It was then embellished with delicate ornate symbols inspired by the Hindu scriptures, further enhanced by elements like lotuses, deity feet, swastika and kalash (sacred pot).
The Ochre Indian Patent Stone Flooring is inspired by the auspiciousness of ‘Yellow’ in and its significant presence in most functions, from a typical wedding ‘Haldi’ function to the day to day rituals. It is the colour of happiness, stability and meditation, also widely used in heritage monuments like the Jaisalmer Fort; adding a hint of nostalgia and royalty, while also enhancing the store’s traditional Indian appeal.
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Minimal, Clean and Straight-lined Fabric Section
The fabric section is envisioned as a clean and straight-lined space, with a minimal brass display and geometric paraquet flooring. The simple grid with angular floating glass shelves converts the fabrics displayed into art displays themselves, adding color to the room and making browsing easier.
These brass shelves show the finesse of Indian craftsmanship with delicate wrapped serpent and brass chain knotted joinery details.
A play of light, mirrored ceiling, and the brass shelving renders the wall with a unique play of light and shadow, amplifying the theatrical nature of the space, converting the act of shopping into art itself.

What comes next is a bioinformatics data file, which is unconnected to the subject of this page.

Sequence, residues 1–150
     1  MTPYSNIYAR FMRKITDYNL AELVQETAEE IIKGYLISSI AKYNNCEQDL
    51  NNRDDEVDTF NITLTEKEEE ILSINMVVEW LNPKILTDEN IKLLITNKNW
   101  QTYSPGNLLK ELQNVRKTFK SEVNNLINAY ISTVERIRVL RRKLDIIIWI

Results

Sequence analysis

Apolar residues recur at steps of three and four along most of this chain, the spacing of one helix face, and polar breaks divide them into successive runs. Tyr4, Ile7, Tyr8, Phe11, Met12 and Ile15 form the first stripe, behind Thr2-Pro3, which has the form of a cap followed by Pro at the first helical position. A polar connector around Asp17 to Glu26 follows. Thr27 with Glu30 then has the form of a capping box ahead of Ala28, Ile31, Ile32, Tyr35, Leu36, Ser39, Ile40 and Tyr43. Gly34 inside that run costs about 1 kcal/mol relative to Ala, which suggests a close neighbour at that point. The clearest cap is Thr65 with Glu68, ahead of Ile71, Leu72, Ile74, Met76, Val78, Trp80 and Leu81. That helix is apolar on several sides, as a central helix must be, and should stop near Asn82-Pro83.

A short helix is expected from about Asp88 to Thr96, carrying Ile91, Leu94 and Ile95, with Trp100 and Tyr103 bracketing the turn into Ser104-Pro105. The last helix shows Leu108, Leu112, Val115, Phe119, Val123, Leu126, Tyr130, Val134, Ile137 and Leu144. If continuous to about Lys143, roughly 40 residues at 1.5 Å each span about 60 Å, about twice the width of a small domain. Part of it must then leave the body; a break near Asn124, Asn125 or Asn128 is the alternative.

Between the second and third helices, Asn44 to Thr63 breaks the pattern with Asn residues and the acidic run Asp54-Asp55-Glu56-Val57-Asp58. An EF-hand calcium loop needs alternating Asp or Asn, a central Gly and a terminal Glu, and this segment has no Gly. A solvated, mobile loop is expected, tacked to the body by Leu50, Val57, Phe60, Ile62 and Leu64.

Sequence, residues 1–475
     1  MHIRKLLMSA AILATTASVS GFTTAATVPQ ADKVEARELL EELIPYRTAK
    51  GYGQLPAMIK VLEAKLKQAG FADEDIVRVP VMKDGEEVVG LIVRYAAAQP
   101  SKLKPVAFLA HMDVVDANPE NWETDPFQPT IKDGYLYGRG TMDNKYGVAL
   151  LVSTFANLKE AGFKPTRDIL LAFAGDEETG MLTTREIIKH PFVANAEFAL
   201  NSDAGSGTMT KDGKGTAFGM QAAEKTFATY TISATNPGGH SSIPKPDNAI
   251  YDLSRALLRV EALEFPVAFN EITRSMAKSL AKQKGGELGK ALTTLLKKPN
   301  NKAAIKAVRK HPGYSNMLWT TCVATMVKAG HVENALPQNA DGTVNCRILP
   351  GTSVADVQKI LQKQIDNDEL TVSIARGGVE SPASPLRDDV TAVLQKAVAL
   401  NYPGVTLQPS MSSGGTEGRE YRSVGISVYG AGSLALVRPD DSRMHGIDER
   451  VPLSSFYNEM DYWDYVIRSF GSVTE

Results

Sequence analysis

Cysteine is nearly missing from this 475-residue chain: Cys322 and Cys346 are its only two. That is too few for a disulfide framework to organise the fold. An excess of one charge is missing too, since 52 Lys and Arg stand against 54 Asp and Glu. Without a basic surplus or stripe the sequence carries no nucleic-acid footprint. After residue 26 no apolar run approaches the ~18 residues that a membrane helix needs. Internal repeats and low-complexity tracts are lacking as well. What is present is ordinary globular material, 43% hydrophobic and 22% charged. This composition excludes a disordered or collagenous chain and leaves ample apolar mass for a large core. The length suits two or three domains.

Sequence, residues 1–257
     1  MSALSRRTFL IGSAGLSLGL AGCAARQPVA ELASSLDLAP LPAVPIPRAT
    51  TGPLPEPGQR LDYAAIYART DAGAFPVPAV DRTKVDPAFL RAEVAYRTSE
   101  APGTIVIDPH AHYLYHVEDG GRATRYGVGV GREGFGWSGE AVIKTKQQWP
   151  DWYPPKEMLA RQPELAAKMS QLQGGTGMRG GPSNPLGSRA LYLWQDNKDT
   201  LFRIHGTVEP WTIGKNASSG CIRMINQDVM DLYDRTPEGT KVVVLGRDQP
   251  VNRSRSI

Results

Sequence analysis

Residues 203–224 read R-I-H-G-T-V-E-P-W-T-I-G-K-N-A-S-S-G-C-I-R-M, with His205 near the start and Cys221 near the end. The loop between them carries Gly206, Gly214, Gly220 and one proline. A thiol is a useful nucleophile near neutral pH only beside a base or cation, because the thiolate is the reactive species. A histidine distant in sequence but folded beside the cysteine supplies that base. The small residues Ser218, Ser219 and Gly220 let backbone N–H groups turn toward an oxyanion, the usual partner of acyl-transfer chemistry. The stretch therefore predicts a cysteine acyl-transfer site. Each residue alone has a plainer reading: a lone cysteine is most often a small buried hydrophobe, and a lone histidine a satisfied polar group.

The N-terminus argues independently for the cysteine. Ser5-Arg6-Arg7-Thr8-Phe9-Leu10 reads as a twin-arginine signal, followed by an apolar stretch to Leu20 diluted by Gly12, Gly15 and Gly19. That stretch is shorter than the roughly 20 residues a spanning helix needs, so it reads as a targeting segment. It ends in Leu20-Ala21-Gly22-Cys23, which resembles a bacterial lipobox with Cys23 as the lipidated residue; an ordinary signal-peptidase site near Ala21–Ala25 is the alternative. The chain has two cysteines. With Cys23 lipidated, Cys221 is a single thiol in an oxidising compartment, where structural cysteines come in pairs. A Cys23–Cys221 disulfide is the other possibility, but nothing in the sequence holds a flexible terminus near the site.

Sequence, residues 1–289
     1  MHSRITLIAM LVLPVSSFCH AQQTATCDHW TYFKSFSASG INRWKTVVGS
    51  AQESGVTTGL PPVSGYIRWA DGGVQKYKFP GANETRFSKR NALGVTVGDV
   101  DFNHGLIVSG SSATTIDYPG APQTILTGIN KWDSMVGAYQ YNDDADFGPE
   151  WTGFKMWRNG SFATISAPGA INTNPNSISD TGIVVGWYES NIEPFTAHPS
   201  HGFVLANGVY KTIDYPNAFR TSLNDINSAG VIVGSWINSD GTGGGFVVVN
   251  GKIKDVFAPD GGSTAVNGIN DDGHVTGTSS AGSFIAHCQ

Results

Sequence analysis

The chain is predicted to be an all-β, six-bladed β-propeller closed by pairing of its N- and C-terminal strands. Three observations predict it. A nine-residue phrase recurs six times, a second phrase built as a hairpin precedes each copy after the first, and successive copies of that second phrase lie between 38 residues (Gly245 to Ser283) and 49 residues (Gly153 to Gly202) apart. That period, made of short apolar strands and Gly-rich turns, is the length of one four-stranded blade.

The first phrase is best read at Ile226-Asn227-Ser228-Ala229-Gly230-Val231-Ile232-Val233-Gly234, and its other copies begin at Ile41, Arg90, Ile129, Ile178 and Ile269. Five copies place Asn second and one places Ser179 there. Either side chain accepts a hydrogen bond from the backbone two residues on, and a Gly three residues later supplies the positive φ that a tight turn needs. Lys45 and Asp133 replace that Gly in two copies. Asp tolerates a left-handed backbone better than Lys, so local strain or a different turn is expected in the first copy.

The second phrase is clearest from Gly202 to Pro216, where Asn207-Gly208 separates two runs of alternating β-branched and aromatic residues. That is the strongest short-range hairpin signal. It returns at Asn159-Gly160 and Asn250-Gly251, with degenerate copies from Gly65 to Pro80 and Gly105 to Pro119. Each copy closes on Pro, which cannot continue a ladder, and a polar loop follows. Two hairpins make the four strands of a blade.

Natural Appeal of Granite in the Saree Section
The saree section is defined by coarse granite counters, made from slab offcuts from an Indian quarry. A 30’ long custom designed brass light fixture and the raw offcuts of granite specially create a strong statement with their individuality and inimitable natural texture.
A contemporary interpretation of handloom shuttles, formulates the hanging system for the garments on the other side.
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150-Year-Old Wooden Arch Distinguishes the Bridal Section
The bridal section is the furthermost section, fusing the beauty of a traditional Wedding altar – the ‘Vedi’, along with the nostalgia of an elaborate system of low floor seating, display and selling by the retailer.
This section houses a vintage 150-year-old wooden arch installed along a wall made of salvaged roofing tiles. In between each arch are a set of drawers that store the sarees for sale, together creating a stunning background for a memorable retail experience.
All the ducts in this space, as well as other services elsewhere, are also exclusively designed to seamlessly fit into the aesthetics of the space.
These interior elements come together to create a silent yet dramatic environment that awe-spires the visitor. It is a nuanced design with innovative details, that is a celebration of the materials, the people and the sublimity of traditions alike.
Client: Sunit Nanda
Location: New Delhi, India
Site Area: 200sq.m
Team: Deepak Kalra, Shifaa Kalra, Aarushi Kalra, Preeti Negi
Photos: Arunima Agarwal
Furniture: I’m the Center for Applied Arts
*Text and photos are provided by the architects